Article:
Last January, President Barack Obama ended his final State of the Union address with an impassioned plea for civility. “The future we want… will only happen if we work together,” he said. And yet, mindful of our complex democracy and demography, he stressed that “a better politics doesn’t mean we have to agree on everything.”
Disagreements. Arguments. Quarrels. Disputes. Jews are not new to discord. We have a long and, perhaps, cherished history of expressing our differences. Our biblical forefathers debated God. Our ancestral prophets and kings butted heads. Our rabbinic predecessors labored over ancient texts and traditions, involved in the sacred task of navigating divergent viewpoints to reveal divine treasures of wisdom and guidance. Yes, we were once strangers in a strange land, but we have never been strangers to a good argument.
The Mishnah in Pirkei Avot 5:20 upholds “machlochet l’shem shamayim” — “a dispute for the sake of heaven” — as the quintessential model for what qualifies as a healthy form of disagreement. It’s this style of debate — illustrated by the idyllic quarrels between the schools of Hillel and Shammai — that will ultimately lead to a “sofah l’hitkayem” an “end that endures.” Hillel and Shammai are the paradigmatic examples of this holy quarreling because they prevented their differences from creating divisions within their community. Amid scholarly disagreement, they learned to coexist.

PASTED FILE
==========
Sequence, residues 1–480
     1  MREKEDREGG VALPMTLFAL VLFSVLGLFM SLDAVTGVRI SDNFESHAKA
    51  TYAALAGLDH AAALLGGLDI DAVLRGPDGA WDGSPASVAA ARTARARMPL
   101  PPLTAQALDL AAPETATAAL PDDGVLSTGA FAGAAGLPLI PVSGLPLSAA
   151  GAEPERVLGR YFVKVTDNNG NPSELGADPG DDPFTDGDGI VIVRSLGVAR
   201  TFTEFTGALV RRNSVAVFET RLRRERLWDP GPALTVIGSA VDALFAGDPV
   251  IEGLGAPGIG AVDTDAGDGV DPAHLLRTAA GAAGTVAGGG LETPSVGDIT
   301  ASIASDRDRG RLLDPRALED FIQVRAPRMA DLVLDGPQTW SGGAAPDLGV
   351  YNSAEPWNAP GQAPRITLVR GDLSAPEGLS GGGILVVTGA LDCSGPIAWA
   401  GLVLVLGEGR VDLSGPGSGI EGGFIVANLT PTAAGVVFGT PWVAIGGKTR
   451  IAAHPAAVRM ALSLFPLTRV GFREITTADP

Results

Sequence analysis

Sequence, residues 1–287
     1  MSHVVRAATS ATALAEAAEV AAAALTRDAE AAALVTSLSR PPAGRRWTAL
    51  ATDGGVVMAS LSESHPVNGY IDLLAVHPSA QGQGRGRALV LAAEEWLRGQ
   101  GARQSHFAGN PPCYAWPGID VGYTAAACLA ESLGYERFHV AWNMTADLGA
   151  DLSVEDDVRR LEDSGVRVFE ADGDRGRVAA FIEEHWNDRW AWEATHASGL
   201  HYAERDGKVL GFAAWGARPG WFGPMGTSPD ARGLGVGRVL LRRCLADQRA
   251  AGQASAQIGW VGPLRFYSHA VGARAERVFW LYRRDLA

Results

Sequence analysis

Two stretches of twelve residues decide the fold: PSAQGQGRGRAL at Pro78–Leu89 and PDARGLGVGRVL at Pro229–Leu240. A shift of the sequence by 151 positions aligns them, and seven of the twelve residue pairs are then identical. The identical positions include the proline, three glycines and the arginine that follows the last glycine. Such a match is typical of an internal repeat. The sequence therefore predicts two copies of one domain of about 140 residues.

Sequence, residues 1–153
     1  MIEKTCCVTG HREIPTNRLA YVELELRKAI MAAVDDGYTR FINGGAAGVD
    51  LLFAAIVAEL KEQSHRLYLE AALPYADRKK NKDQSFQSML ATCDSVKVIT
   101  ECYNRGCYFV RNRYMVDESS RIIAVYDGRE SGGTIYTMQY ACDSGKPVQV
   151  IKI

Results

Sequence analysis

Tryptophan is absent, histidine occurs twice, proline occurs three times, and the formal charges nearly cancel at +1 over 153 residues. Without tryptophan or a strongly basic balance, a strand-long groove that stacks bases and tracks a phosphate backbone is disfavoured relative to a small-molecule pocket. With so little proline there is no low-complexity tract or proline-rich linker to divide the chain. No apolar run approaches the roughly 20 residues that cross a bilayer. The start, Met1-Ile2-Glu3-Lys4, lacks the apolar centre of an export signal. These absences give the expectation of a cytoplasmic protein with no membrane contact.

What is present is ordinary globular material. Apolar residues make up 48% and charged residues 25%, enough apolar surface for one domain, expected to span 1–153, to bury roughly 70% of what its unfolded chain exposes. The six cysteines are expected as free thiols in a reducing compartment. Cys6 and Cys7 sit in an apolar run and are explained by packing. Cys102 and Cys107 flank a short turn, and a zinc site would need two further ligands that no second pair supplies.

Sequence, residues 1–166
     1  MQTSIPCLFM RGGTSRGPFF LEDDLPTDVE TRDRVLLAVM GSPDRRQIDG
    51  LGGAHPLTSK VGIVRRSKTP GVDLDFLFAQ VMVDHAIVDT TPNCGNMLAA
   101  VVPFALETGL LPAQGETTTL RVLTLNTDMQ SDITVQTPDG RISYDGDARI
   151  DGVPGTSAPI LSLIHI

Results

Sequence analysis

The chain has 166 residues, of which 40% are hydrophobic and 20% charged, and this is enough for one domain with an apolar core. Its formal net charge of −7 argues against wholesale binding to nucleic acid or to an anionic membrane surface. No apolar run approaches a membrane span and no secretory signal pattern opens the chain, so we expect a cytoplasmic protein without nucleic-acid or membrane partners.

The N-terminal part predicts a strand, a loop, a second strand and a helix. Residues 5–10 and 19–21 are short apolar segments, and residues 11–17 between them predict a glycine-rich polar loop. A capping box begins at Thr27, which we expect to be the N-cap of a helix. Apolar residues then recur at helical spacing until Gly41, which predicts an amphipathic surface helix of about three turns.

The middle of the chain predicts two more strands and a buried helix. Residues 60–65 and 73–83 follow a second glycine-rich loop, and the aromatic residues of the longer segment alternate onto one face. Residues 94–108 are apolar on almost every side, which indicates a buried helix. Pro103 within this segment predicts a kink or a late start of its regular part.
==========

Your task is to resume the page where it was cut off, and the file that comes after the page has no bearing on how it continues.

The archetypal dispute not for the sake of heaven is chronicled by the story in Bamidbar (chapter 16) of Korach, the cousin of Moshe and Aaron whose familial resentment and lust for leadership impelled him to protest and revolt against the Israelite leadership. Korach and his followers proved unsuccessful in their pursuit of power, and eventually they were swallowed up by the earth.
The distinctions between the two cases are stark. But what, for heaven’s sake, constitutes a dispute for the sake of heaven? And what does it mean that it will lead to an end that endures?
A precise definition and interpretation are themselves subject to centuries of debate. Several medieval commentators and, more recently, the former British Chief Rabbi Jonathan Sacks, suggest that whereas Hillel and Shammai were motivated by a quest for truth, Korach was inspired by a passion for power.
At its core, an argument for the sake of heaven is one whose objective is not the defeat of the other but rather the humble embrace of an ultimate truth. It’s less about “winning” an argument and more about solving a problem. What results, then, is not a destructive end-state that extends a divide, but rather a constructive one that bridges a difference.
And for those who embrace this values-based form of argument — sofah l’hitkayem, the end endures. The truth emerges. The disputants’ dignity is preserved. The community is strengthened. It remains whole, and progresses from argument to argument, from generation to generation.
A few weeks after President Obama’s final State of the Union address, he returned to the Illinois General Assembly, where he acknowledged the toxicity of American politics and the partisan rancor that breeds a gnawing cynicism. But he also noted that our polity has always been a work in progress and has always required work to progress. He concluded, “For all the imperfections of our democracy, the capacity to reach across our differences … remains entirely up to us.”
Blessed with the right motivations, even our differences can mend our divisions and bridge the gap between the reality we see and the future we want — for “a more perfect union.” For a sofah l’hitkayem. For an end that endures. And, if you disagree, no hard feelings.
Chanan Weissman served as the White House liaison to the American Jewish community during the final year of the Obama Administration. He formerly served in several capacities at the U.S. State Department and the U.S. Defense Department.